"Your body needs a healthy balance of exercise and rest. Doing too much prevents the body from shifting excess fat. Exercising without rest can impact our levels of the steroid hormone cortisol and cause an increase of stubborn fat stored in the belly. Not allowing your body to recover can increase the risk of injury too, so make sure you factor in rest days to your plan."

Ah, the über-popular “know your why” strategy. One Brown University study found that when people are motivated to lose weight for appearance and social reasons, they stick with their weight-loss habits for significantly less time than those who are motivated by their health. After all, these external motivators (like looking a certain way or fitting into a cultural ideal) aren’t going to get you going when you’re feeling down, have had a bad day, or are frustrated with a plateau, Albers says.


Don’t work out later than three days before your event. If your party’s on Saturday, for example, do your last workout of the week on Wednesday—muscles bulge most when they’re flush with glycogen (the carbohydrates stored in muscle), so you need to give your body time to recover and replenish its glycogen stores before your unveiling. If you train too close to the big day, the carbs stored in your muscles will be depleted, and you’ll end up looking flat and soft. Furthermore, make sure this last workout focuses on the areas you want to highlight, such as chest and arms. Glycogen is replenished fastest in muscles that need it most—i.e., the ones that have just been worked—so if you want your pecs and biceps to pop, you have to make sure they soak up as many of the carbs you’re taking in as possible (explained in the next step).
“The best way to stick with a diet, is for people to put the fewest restrictions on themselves as possible,” Langer says. “There shouldn't be anything in the world that they shouldn't ever eat again.” Similarly, Albers recommends ditching the “don’t” list entirely. “Instead of trying to stop an old negative habit, focus on building a positive new one,” she says. “New habits crowd out the old without the struggle of trying to stop a behavior.”
It’s true that a caloric deficit—burning more calories per day than you take in—is a requisite of weight loss. But creating a deficit doesn’t have to (and shouldn’t) involve deprivation. That goes for calories, carbs, sugar, fat, or any other commonly demonized nutrient. “No one food is responsible for your weight,” Langer says, explaining that a good vs. bad mentality sets people up for disordered eating and exercise habits. In fact, caloric deprivation increases how the brain responds to food, setting you up for binge-eating down the line, according to research from the Oregon Research Institute.
The diversity in tools and strategies that work for people is nicely illustrated by the National Weight Control Registry (NWCR), which, since 1994, has collected data on people who have lost 30 pounds or more and kept it off for at least one year. If you take a look at some of their findings, you’ll see some commonalities in various behaviors and strategies (such as increasing eating breakfast every day, watching fewer than 10 hours of TV per week, and weighing themselves regularly). But rather than looking at the NWCR’s data as a how-to guide—after all, these are the behaviors that correlate to weight loss, we can’t know if they’re the ones that caused weight loss—look at it as further evidence that there’s no one right way to live to lose weight and keep it off, and that finding the thing that will work for you is a personal journey, specific to you.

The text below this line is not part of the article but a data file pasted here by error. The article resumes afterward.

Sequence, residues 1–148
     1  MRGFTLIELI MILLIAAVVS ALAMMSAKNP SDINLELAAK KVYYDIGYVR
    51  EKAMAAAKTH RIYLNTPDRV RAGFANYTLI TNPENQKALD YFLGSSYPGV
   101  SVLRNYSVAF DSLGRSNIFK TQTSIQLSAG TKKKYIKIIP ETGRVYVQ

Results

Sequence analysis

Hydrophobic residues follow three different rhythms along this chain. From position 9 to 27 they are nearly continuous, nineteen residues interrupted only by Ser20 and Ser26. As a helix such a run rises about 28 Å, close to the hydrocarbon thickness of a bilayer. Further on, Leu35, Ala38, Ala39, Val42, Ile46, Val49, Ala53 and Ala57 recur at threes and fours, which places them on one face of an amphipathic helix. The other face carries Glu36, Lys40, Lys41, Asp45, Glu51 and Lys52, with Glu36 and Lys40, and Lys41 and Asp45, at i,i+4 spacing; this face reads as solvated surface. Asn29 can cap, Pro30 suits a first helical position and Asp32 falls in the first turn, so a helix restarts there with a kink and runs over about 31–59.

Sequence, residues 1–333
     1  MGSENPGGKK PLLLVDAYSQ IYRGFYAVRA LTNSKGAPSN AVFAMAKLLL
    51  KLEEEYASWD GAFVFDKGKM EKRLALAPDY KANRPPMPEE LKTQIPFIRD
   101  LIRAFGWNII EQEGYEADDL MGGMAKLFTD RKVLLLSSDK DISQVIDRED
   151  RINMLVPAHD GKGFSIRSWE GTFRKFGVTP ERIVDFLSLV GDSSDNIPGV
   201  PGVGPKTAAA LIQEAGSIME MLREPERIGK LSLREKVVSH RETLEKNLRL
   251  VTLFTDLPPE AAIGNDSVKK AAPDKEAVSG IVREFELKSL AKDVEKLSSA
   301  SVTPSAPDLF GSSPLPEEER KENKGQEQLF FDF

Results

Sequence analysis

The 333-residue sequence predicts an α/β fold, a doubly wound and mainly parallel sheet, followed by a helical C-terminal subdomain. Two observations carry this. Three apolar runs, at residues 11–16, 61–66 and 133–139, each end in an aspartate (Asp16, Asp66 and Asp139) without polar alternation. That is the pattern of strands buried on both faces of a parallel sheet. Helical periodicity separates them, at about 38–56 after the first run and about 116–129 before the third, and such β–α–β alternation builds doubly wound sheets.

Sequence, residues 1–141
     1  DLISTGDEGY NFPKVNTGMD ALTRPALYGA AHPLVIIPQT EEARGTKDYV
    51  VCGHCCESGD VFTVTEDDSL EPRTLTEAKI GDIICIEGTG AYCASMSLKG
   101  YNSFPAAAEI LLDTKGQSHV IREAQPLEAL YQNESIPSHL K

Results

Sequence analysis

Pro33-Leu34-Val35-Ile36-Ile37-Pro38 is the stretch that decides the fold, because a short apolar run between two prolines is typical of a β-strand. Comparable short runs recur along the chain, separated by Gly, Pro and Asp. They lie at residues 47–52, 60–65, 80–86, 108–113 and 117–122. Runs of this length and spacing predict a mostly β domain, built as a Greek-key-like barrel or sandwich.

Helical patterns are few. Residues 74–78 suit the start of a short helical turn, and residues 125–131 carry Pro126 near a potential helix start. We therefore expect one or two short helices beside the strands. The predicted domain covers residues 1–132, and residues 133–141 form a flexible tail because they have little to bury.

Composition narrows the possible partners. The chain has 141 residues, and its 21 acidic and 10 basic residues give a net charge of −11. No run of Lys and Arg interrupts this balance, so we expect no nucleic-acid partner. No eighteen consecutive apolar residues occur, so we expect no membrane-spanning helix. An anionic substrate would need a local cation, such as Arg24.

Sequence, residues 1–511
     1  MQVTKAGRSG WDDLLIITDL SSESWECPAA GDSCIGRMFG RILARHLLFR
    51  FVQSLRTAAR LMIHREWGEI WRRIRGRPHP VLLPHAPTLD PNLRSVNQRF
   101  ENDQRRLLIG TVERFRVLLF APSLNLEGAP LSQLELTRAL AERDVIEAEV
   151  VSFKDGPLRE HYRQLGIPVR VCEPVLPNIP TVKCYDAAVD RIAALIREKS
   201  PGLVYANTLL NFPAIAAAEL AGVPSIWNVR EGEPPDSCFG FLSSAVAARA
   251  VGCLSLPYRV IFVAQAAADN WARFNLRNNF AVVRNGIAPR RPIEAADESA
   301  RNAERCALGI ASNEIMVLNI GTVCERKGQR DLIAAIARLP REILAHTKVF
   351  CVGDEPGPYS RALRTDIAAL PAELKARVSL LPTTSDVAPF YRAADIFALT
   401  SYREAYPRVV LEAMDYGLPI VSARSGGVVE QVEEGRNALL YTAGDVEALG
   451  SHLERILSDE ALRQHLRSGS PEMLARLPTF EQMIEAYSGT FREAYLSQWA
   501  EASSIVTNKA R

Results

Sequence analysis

We’re continuing to learn that shortchanging our sleep — even for just one night — can lead to less healthy food choices the next day. The latest study took a look at subjects’ MRI scans after a night of sound sleep and again after a night of sleep deprivation. The MRI scans showed that sleep deprivation activates an area of the brain that makes you view food as more desirable. In other words, it prompts cravings. This adds to other evidence showing that insufficient sleep increases hunger while also making us less likely to stay active. Taken all together, it means that a healthier sleep situation can encourage a healthier weight.
Avoid fad diets. It's never a good idea to trade meals for shakes or to give up a food group in the hope that you'll lose weight — we all need a variety of foods to get the nutrients we need to stay healthy. Avoid diet pills (even the over-the-counter or herbal variety). They can be dangerous to your health; besides, there's no evidence that they help keep weight off over the long term.
“Do what works for you,” Langer says. “And if something doesn’t, change it. There’s a million other ways to go about it. There are no absolutes in nutrition.” Case in point: In a 2018 JAMA study, when more 600 adults who were classified as overweight followed a low-fat or low-carb eating plan over the course of 12 months, everyone lost about the same amount of weight.
"Your body needs a healthy balance of exercise and rest. Doing too much prevents the body from shifting excess fat. Exercising without rest can impact our levels of the steroid hormone cortisol and cause an increase of stubborn fat stored in the belly. Not allowing your body to recover can increase the risk of injury too, so make sure you factor in rest days to your plan."
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